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Last Dance in Shediac: Memories of Mum, Molly Lamb Bobak

By Anny Scoones

Review By Maria Tippett

December 17, 2015

BC Studies no. 190 Summer 2016  | p. 168-169

This is a very peculiar book. Although its subject is an artist, the Vancouver-born painter Molly Lamb Bobak, the first female war artist in Canada, there is little about Bobak’s art.

Molly Bobak did much more than record the Women’s Army Corps (WACS) during the closing days of the Second World War. Working largely in the watercolour medium she painted exquisite “portraits” of flowers and crowds. I would have expected a book about Bobak to compare her affinity with the flower painter Winifred Nicholson, whose work Bobak would have encountered when she and her painter-husband, Bruno, lived in England during the 1950s. I would have expected the author to compare Bobak’s stick-like figures to the oil paintings of another English painter, L.S. Lowry. And indeed, to tell us about Bobak’s extraordinary father, Harold Mortimer Lamb, whose own paintings, photographs, and above all participation in Vancouver’s cultural life during the 1920s, 1930s and 1940s helped build artistic reputations including that of Emily Carr and make culture in British Columbia what it is to this day.

But this book is not about Molly Bobak the artist. As the subtitle of Last Dance in Shediac makes clear, this is Anny Scoones’s recollection of Molly Bobak as a mother. Moreover, on the few occasions when the author ventures into artistic territory, descriptive phrases like “humanistic painting” fall flat (48).

Last Dance in Shediac is annoyingly self-indulgent, but although the author rambles from one subject and from one time frame to another, the book somehow works. This is because the author structures her narrative around road trips made with her mother on both sides of Canada, particularly during the closing years of Molly Bobak’s very long life. Scoones also writes about the tensions that existed between Molly and Bruno. She explores Molly Bobak’s physical decline and her own struggle to broach geographic distances and to cope with nursing homes and all the other things associated with death and dying (Bobak died in 2014 at the age of ninety-four).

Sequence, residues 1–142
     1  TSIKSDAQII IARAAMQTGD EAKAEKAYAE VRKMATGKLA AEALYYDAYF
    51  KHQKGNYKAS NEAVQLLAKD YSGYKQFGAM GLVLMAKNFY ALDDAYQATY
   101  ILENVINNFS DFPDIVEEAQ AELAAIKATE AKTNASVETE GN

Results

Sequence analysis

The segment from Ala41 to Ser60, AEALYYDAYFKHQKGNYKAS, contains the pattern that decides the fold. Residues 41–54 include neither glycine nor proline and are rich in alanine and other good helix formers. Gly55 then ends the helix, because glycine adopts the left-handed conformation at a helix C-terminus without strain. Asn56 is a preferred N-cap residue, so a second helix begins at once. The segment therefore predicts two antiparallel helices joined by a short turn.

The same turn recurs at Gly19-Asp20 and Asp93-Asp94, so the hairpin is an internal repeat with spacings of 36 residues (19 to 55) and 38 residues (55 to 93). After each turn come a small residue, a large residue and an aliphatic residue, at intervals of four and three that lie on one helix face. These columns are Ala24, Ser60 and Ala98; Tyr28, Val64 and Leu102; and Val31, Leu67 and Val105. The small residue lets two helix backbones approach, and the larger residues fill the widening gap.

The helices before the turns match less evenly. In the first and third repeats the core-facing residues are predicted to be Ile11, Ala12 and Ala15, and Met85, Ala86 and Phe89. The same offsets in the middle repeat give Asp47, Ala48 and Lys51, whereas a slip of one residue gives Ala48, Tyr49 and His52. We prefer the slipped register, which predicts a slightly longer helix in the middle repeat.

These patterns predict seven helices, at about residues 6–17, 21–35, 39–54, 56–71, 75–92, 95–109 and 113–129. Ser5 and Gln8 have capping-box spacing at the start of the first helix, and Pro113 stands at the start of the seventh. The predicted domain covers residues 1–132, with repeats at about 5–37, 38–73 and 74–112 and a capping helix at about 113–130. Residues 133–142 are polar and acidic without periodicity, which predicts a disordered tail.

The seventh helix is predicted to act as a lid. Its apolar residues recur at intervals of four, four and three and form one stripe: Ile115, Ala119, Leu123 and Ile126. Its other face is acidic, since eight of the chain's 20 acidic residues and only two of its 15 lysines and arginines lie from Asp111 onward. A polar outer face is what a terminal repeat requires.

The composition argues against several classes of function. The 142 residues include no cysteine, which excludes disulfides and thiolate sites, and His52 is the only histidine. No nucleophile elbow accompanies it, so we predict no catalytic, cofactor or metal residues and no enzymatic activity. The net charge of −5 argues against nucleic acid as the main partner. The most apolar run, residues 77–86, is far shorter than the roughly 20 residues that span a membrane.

Anny Scoones shows, above all, what it was like to be the child of an artist-couple. “Mum and Dad were part of a bigger world than their family. For their art to be honest and free and worthwhile, they had to be open to more than just being paternal or maternal.” “Children of artists and creative thinkers,” she concludes, “must accept this” (147).

Scoones explores all of these themes brilliantly. And anyone who might be disappointed in not learning more about Molly Lamb Bobak the artist will come away from Last Dance in Shediac with something that transcends art.

Last Dance in Shediac: Memories of Mum, Molly Lamb Bobak
Anny Scoones
Victoria: TouchWood Editions 2015. 192pp. $19.95 paper